Last week,the newspaper Le Parisien reported that the former head of French intelligence, Yves Bonnet, had admitted to making a secret pact with the Abu Nidal terrorist organization, guaranteeing its operatives free movement within France in exchange for a promise of no further attacks on French soil.

According to Le Parisien, Bonnet made his sensational confession in January this year to the magistrate in charge of investigating the Aug. 9, 1982 attack by Abu Nidal terrorists on “Chez Jo Goldenberg,” a busy kosher restaurant on the rue des Rosiers in Paris. Six people were murdered and 22 wounded in the atrocity, for which no person has yet been convicted.

Kalifat said that Bonnet’s claims warranted “the establishment of a parliamentary committee of inquiry and the lifting of defense secrecy” around the investigation into the rue des Rosiers attack and its aftermath.

According to Le Parisien, the pact was allegedly reached during a clandestine meeting shortly after the rue des Rosiers attack between Bonnet and representatives of the Abu Nidal group — not the terrorists who executed the massacre, he claimed, but individuals he described as their “stooges.”

“We made a kind of verbal deal in which I said, ‘I don’t want any more attacks on French soil and in return I’ll let you come to France and I guarantee nothing will happen to you,’” the paper quoted Bonnet — a former head of the DST, the French intelligence service — as having said. The paper added that other senior French officials, including the chief of staff of then President François Mitterand, were aware of the pact with the Abu Nidal Organization — a now-extinct Palestinian terrorist organization that was supported at different times by Iraq, Syria and Libya. Along with the attack on the rue des Rosiers, the group’s atrocities also included the Sept. 1986 shooting at the Neve Shalom synagogue in Istanbul, Turkey, that killed 22 worshippers, and the December 1985 simultaneous attacks on US and Israeli airport counters in Rome and Vienna, which killed 18 people and injured 111.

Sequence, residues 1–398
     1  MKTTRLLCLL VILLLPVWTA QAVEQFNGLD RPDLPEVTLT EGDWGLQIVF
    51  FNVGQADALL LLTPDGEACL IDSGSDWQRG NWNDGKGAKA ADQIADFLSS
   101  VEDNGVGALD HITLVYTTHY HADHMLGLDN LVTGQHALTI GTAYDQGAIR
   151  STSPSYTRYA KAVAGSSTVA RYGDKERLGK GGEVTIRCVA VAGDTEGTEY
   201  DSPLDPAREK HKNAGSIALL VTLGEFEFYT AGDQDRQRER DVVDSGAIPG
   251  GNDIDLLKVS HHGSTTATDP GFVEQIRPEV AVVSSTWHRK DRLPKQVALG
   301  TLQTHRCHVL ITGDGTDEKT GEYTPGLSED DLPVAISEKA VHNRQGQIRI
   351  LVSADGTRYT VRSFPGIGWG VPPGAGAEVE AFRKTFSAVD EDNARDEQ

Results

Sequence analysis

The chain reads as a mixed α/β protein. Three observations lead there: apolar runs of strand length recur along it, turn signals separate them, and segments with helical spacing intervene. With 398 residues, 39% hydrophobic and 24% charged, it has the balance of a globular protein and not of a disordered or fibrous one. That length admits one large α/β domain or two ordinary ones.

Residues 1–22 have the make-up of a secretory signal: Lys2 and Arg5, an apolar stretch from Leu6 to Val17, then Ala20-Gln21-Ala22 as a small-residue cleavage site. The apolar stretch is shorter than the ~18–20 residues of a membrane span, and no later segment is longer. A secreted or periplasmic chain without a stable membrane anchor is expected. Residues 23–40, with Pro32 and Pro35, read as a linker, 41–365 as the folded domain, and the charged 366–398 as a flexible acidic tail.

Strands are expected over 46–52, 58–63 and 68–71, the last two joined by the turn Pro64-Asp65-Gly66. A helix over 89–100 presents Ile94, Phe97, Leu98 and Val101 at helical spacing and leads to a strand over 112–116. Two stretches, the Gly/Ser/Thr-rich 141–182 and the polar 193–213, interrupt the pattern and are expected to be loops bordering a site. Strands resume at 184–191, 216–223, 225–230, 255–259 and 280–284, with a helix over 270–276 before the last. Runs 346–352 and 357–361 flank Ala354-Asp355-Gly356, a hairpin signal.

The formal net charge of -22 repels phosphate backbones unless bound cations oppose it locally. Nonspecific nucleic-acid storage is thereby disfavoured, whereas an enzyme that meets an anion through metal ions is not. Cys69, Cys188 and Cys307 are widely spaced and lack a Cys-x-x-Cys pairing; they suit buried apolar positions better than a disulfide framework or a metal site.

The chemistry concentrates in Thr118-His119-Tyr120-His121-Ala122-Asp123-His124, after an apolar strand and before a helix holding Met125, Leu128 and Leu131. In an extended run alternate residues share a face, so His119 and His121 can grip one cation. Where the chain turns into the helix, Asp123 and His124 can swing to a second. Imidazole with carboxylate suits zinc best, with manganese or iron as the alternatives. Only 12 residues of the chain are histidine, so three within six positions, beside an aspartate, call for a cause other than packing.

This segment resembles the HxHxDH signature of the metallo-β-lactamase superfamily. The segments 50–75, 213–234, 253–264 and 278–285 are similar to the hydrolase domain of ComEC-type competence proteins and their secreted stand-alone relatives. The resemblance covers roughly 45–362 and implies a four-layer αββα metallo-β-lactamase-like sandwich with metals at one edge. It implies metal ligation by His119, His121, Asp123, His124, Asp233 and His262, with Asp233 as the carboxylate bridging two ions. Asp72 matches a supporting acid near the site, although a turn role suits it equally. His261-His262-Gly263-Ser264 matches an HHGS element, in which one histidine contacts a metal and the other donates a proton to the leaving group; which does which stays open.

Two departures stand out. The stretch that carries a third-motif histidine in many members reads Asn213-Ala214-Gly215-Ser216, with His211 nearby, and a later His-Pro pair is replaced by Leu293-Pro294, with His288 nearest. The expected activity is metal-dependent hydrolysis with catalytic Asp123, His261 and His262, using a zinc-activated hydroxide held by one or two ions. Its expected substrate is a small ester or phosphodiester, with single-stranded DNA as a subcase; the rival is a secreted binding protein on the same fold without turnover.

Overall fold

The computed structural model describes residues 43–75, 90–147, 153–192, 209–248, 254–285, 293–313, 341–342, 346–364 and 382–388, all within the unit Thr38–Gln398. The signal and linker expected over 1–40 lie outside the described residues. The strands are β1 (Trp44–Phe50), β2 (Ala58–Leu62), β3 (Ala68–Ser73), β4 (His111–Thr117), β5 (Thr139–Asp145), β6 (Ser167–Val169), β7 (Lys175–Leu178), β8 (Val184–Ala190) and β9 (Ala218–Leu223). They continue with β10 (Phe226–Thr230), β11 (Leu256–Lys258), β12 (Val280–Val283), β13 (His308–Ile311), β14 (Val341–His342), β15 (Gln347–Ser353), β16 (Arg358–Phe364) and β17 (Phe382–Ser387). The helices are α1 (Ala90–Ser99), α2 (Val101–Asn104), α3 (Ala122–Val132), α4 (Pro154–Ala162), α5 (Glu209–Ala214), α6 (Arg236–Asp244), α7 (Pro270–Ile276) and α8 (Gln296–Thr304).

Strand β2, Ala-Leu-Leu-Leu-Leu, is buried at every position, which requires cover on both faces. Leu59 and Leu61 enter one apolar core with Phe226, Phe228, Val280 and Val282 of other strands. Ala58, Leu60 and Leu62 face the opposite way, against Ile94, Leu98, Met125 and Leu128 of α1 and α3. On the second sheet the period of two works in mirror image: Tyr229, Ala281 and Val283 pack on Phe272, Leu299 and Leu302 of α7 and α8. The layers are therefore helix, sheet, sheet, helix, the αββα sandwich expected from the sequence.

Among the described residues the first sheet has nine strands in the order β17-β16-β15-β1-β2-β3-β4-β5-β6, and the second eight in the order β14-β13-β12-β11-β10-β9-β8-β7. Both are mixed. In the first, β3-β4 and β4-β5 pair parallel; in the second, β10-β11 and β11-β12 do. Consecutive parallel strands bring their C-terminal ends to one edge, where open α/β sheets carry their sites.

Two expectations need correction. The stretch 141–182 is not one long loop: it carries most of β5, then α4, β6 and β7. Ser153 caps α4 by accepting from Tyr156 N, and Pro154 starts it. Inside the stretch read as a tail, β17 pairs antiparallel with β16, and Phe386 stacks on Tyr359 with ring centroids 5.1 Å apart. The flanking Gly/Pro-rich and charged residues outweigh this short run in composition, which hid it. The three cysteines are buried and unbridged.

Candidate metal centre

CRIF president Kalifat stated that his organization was also calling on President Emmanuel Macron “to do everything possible at the diplomatic and judicial level to ensure that the terrorists responsible for this massacre, who have taken refuge in Jordan, the West Bank and Norway, will face French justice.” (the Algemeiner)

Israel’s Strategic Goal in Syria

By Yaakov Lappin BESA Center (Begin-Sadat Center for Strategic Studies)

EXECUTIVE SUMMARY: Israel’s shadow war in Syria is based on the strategic objective of convincing the Islamic Republic that its investment in a war machine is going to waste. Iran has so far chosen to weather the strikes and shift tactics without abandoning its Syria project.

At the start of July, media reports surfaced regarding an alleged widespread wave of Israeli strikes on Iranian axis targets across Syria. The reports serve as a reminder of the ongoing shadow war that is raging between Jerusalem and Tehran, and bring into the spotlight Israel’s long-term strategic objective.

The strikes allegedly hit Iranian and Hezbollah weapons sites. They included development, storage, and transfer facilities, some of which appear to have been embedded in Syrian regime military bases. Targets around Damascus, Homs, and western Syria were all reportedly hit, resulting in a number of casualties.

Long before the US began its policy of maximum economic pressure on Iran, Israel had been applying its own policy of maximum – yet low profile – prevention in Syria, and that policy continues.

Using advanced intelligence coupled with precision firepower, the Israeli defense establishment has prioritized the objective of disrupting the construction of an Iranian war machine in Syria. Israel has also acted on many occasions to prevent Iran from using Syria as a transit and production zone for advanced weapons, such as guided missiles, for the benefit of Hezbollah in Lebanon.